But Lake City flooding risk has decreased
By Kendra Walker
The abnormally long, wet winter season continues to have a big impact throughout the regional backcountry. Rivers are still running high, backcountry roads are muddy or still covered in snow and the high mountain passes are still buried deep beneath snow.
Rivers high and mighty
As reported last week by the Crested Butte News, sections of the Gunnison and Slate rivers are still closed.
Additionally, the Gunnison County Sheriff’s Office has expanded the closures and the following river sections are closed to all water vessels until further notice:
—Slate River from Gunsight Pass Bridge to mile 25.5 on Hwy. 135, and then from mile 25.5 downstream to the confluence with East River.
—East River downstream all the way to Almont.
—Gunnison River from Almont to the Whitewater Park at Hwy. 50.
The expanded closures on the Slate and East rivers are due to low bridges and waters continuing to come up this past week, according to sheriff John Gallowich.
“The good news is the water’s starting to go down the last couple of days,” he said. “But who knows what Mother Nature will bring.”
Streamflow conditions continue to be above average and much greater than last year. It appears the seasonal peak for many local streams most likely occurred on June 15, according to Frank Kugel, general manager for the Upper Gunnison River Water Conservancy District.
“The East River at Almont reached 3,020 cfs [cubic feet per second] on that day, while the Slate River near Crested Butte saw 1,420 cfs,” he said. Gunnison peaked at 5,250 on June 15. But, he added later, “if a big thunderstorm rolls in this afternoon, then all bets are off.”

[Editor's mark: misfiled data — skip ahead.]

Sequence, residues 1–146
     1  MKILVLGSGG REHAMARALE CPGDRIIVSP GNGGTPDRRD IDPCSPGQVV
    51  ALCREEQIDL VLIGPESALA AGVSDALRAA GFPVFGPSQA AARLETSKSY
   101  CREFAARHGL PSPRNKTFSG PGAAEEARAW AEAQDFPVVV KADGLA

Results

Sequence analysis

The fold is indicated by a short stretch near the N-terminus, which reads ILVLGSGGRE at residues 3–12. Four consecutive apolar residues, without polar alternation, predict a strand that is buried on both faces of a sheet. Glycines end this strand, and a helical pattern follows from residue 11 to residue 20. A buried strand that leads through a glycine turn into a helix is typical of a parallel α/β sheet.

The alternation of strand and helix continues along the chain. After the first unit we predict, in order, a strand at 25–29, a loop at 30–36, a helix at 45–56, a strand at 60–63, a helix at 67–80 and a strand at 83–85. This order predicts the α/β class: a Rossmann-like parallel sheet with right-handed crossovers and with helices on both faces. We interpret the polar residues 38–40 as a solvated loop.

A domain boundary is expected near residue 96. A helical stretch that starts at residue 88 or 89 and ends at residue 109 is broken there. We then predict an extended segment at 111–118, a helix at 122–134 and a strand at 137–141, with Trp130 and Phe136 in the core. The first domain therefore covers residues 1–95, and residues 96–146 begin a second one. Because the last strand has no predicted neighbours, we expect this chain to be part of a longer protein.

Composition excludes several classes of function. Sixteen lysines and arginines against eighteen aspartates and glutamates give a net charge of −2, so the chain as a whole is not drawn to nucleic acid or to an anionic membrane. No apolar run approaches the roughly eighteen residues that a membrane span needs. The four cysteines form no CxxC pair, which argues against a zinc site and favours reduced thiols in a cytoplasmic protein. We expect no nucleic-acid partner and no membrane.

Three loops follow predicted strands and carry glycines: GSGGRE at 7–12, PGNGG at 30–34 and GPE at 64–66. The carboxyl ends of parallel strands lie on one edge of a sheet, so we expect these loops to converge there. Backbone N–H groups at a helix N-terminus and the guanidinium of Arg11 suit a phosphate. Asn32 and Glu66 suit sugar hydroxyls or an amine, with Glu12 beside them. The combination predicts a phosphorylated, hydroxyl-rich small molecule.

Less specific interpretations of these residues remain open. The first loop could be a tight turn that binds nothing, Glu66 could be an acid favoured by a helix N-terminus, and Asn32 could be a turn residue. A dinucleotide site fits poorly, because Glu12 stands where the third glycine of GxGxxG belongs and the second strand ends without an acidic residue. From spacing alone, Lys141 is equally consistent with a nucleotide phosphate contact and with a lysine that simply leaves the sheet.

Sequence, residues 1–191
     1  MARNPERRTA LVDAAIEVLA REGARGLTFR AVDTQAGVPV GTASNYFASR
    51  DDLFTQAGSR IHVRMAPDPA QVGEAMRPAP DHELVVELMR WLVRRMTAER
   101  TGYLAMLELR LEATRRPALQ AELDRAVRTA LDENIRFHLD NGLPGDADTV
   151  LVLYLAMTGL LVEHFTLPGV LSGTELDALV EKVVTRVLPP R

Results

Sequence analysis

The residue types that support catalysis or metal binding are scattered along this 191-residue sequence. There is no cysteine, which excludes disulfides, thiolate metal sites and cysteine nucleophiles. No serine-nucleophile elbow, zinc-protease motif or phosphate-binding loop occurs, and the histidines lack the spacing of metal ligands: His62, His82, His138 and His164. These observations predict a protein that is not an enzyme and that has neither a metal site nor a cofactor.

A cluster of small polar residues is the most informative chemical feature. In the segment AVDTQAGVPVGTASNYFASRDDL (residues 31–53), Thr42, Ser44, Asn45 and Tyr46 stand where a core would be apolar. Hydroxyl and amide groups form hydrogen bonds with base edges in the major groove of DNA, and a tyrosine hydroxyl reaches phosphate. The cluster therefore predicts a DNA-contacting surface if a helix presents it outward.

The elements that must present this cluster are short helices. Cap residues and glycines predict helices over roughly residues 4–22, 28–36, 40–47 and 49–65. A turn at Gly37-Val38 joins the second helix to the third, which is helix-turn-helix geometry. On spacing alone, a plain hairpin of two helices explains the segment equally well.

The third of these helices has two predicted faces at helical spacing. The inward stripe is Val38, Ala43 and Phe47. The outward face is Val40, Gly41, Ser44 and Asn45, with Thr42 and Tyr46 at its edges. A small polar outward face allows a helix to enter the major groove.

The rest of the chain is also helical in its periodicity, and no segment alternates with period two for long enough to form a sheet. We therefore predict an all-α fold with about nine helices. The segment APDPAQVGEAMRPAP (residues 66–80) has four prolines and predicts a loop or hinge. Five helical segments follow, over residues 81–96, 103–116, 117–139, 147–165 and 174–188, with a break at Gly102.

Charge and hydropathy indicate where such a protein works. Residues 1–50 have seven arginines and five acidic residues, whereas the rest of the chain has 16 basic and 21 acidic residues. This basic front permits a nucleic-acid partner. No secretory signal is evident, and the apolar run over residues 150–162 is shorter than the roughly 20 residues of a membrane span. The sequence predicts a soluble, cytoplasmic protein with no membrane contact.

He also shared that both the East and Slate rivers peaked last year on May 11, reaching 948 cfs and 571 cfs, respectively. The Gunnison River peaked last year on May 26 at 1,300 cfs.
“It is anticipated that there will be a gradual decline in snowmelt and that streamflow conditions will remain above average for the next few weeks,” he said.
For river closure updates, contact the Gunnison Sheriff’s Office at (970) 641-8200.
Mountain passes frozen in
Water of the frozen kind is still impacting the high backcountry mountain passes and trails, so don’t expect to pop over to Aspen from West Maroon Pass anytime soon. According to Gunnison forest ranger Matt McCombs, his staff hasn’t been able to gather a lot of good information on the pass conditions in the National Forest because there is too much snow. “It’s going to be a bit longer before staff can get in to assess the passes,” he explained. “Trail crews made it as far as Avery up the Gothic Road over the weekend but turned around as the road is too wet for travel beyond. It’s safe to say that the majority, if not all, of those high elevation passes are still under considerable snow. It’s been a wacky year.”
Lake City feeling better
In other water news, Lake City is open and ready for summer, as the “threat of flooding has decreased significantly,” according to a post on the Hinsdale County Office of Emergency Management Facebook page.
The post also said the water is still running high and fast and “portions of the Alpine Loop are still closed as debris removal and snow clearing continues, but many campgrounds, trails and fishing spots are open. Restaurants and stores are open, and summer events are on schedule.”